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Biography of Johann Sebastian Bach

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In 1802 Johann Forkel, wrote the first comprehensive biography of Johann Sebastian Bach.

It was very important because it was based on first hand accounts of the great composer's life, through the letters that Forkel exchanged with Johann Sebastian Bach's son Carl Philipp Emanuel.

In one of these letters, Carl Philipp Emanuel described his father’s activity as a violist and violinist:

"He heard the slightest wrong note even in the largest combination. As the greatest expert and judge of harmony, he liked best to play the viola, with appropriate loudness and softness."

Johann Sebastian Bach portrait. He loved and played the viola, read here

As he was required to do, Bach presented this portrait, as well as the Canon he holds in his hands, when he joined the 
Society of the Musical Sciences in 1747

Although Bach did not write any solo work for viola, he is reported to have enjoyed playing viola.

He understood to perfection the possibilities of all stringed instruments.

Forkel himself, pointed out that in chamber music Bach preferred to play the viola:

"In musical parties... he took pleasure in playing the viola. With this instrument he was, as if were, in the centre of harmony, whence he could best hear and enjoy it on both sides."

Johann Sebastian Bach was the first composer to understand the potential of the instrument tonally and technically.

In his orchestral works, such as Ouvertures, harpsichord concertos, Brandenburg Concertos, the viola part has the same importance of the other instruments. These compositions often include fugues, requiring an equal treatment of parts, yet even when there is no fugue, viola writing is interweaving with that of the other instruments.

Further examples of this can be found in some of the Cantatas: in Cantata n.18 the orchestra has four violas, the violins being absent, and in Cantata n.199 there is a Choral where the soprano is accompanied by an obligato viola.

The most important composition featuring the viola is Brandenburg Concerto 6, with no violins at all, two solo violas accompanied by two violas da gamba, cello and bass. Very interesting as to viola writing is also the Brandenburg Concerto 3 with independent parts for three violins, three violas and three cellos and bass.

The Bach family

A biography of Johann Sebastian Bach can't ignore his family. Johann Sebastian was to become the most important member of a family that in three centuries (from about 1550 to about 1850) counted an unprecedented and unparalleled number of nearly eighty musicians of every kind, from fiddlers and town musicians to organists and court musicians.

Besides Johann Sebastian, many others were well-known musicians, born before, during and after his own generation. The first genealogy was drawn up by Johann Sebastian himself in 1735 and already counted 53 members.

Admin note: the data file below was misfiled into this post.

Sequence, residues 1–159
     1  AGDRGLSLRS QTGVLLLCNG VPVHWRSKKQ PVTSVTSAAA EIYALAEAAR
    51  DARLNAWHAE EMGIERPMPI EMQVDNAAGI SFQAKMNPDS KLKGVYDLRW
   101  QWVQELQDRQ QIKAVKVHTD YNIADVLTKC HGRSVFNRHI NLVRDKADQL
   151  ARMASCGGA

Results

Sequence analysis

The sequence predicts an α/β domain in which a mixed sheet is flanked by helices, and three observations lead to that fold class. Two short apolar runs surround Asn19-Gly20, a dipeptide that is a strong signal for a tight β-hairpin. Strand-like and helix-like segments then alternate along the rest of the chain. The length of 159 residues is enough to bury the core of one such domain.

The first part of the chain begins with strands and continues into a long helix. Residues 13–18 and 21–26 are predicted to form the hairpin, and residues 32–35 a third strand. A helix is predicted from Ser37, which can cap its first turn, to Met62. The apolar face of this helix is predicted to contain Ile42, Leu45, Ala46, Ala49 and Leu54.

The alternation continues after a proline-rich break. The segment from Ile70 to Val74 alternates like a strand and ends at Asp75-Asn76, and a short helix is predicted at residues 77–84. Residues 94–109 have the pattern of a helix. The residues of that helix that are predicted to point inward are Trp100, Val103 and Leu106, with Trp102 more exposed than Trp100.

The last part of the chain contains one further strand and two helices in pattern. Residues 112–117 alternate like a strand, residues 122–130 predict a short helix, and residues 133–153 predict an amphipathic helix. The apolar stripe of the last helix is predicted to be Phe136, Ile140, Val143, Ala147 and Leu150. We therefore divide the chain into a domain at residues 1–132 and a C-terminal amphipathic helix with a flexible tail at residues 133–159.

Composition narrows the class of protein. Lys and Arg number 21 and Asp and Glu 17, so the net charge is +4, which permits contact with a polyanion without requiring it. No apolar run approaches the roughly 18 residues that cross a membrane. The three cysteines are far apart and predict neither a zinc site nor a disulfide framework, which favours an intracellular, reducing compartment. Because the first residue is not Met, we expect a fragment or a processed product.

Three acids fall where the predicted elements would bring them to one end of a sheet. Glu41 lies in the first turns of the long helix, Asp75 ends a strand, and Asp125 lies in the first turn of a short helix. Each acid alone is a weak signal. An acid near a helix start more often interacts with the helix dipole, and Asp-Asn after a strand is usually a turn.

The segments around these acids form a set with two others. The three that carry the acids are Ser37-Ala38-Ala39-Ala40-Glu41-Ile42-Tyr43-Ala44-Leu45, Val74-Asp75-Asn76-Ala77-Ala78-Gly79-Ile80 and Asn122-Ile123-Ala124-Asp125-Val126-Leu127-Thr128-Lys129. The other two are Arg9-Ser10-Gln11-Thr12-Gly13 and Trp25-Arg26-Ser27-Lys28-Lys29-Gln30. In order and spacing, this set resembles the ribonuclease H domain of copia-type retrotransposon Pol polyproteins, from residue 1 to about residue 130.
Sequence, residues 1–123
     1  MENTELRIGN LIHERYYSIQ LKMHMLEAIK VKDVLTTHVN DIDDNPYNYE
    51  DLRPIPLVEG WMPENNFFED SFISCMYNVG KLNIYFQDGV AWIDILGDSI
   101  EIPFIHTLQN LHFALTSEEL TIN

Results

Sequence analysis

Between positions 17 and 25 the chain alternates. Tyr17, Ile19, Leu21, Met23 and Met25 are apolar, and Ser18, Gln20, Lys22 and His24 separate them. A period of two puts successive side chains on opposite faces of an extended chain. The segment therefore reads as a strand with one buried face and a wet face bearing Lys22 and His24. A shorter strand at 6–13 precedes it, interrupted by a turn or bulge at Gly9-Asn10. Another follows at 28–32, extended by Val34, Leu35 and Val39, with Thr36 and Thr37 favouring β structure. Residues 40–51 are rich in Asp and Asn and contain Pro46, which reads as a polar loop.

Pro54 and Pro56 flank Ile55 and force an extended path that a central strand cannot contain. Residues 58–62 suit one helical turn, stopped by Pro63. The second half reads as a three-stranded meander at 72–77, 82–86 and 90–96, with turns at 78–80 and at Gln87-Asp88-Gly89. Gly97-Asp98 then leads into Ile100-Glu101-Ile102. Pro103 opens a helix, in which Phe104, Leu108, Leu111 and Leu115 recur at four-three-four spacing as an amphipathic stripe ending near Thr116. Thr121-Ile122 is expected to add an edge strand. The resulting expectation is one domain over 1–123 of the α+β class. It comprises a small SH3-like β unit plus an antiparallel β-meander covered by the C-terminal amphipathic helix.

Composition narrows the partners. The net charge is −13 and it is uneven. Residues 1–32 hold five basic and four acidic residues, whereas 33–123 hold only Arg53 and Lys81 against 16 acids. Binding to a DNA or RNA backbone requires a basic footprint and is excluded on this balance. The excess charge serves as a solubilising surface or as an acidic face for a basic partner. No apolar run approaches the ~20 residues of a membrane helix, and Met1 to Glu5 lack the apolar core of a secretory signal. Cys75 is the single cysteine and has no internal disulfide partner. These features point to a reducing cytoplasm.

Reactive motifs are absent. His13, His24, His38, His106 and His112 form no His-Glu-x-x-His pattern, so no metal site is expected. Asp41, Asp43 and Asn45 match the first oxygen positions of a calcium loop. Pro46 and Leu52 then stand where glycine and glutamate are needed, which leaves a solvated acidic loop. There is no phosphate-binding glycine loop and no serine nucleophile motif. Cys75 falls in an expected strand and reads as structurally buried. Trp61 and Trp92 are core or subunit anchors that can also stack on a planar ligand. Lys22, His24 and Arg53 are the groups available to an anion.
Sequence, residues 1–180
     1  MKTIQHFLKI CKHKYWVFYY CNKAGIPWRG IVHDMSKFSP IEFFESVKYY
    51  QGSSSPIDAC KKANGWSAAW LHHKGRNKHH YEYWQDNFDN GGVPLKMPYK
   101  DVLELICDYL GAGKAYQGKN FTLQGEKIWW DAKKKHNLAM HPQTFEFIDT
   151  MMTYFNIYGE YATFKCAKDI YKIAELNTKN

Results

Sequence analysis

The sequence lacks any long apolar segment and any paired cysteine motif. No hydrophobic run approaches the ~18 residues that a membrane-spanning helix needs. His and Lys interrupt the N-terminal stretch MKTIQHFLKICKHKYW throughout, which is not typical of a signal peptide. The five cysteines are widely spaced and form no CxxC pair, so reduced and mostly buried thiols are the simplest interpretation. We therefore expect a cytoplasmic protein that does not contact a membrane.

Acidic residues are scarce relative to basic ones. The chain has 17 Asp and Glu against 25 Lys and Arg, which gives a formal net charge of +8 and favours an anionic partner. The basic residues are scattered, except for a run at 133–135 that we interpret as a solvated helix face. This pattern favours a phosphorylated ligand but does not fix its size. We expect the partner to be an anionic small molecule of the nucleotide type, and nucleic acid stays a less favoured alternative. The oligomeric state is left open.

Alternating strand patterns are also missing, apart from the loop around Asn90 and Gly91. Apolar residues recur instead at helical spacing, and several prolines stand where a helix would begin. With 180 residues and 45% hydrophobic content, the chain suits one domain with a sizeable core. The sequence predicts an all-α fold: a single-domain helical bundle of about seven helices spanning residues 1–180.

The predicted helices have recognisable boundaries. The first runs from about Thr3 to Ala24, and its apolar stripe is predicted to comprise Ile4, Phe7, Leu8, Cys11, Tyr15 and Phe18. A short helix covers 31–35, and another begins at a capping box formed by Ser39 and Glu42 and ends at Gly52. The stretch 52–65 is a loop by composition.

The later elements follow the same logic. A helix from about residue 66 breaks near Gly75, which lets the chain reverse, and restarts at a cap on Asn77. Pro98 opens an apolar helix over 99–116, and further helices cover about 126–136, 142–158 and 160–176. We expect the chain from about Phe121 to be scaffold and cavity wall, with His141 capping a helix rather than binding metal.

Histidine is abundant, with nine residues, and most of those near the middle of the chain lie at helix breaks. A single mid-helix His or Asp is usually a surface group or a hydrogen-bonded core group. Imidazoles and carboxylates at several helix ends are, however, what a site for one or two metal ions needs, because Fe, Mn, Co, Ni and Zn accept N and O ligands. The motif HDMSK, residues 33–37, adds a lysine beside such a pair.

Going back to ...

Bach biography

Bach was born on 21st March 1685, the same year as Haendel, seven years after Vivaldi (1678) and four years after Telemann (1681), to name only a few of the most famous composers of the baroque era.

He probably received the first rudiments of his musical education and learnt to play violin from his father. When he was ten he was already orphan and went to live with his elder brother Johann Christoph, from whom he learnt to play keyboard.

J. S. Bach’s first professional position was at Weimar (1703), where he was appointed violinist, and maybe violist, to Johann Ernst, younger brother of the Duke of Weimar.

He had already gained himself a reputation as an excellent organ player and was soon offered more prestigious positions as organist at different places, until in 1717 he was offered the post of Kapellmeister at Prince Leopold’s court in Cöthen.

His previous employer did not want to let him go and Bach was even sent to prison for nearly a month for his insistence in his request. Eventually he was "freed from arrest with notice of his unfavourable discharge".


In Cöthen the Prince Leopold had an orchestra of 17 players and loved and understood music.

Although only about 40 of Bach's manuscript are dated, it is generally accepted that Bach wrote much of his instrumental music during his service at Cöthen, where he had no chapel duties and could concentrate on instrumental composition.

During this period he wrote, among other works, the Six Brandenburg Concertos, dedicated to the Margrave of Brandenburg and also the six Cello Suites.

After a few years Prince Leopold got married and his wife had little interest in music (Bach himself in a letter defined her "eine Amusa") and also the Prince’s enthusiasm declined.

In 1723, he was offered the post of Director musices at Leipzig where he remained for the rest of his life.

I like reading biographies of famous people, people who have done great things. I like to learn about their lives to know their personality, to see what is that made them great. I also understand their works better.

I found an interesting biography of Johann Sebastian Bach based on the original documents of his time, it is titled The Bach Reader. You can find curious information, read Bach's own words in letters to authorities, his comments on organs he was asked to inaugurate, the critics he once received for playing curious variationes and strange tones in a chorale and confusing the congregation...

Interesting works for the viola

Brandenburg Concertos:

...and more is coming

Download free sheet music Brandenburg Concerto 3

and more free viola music by Bach and others

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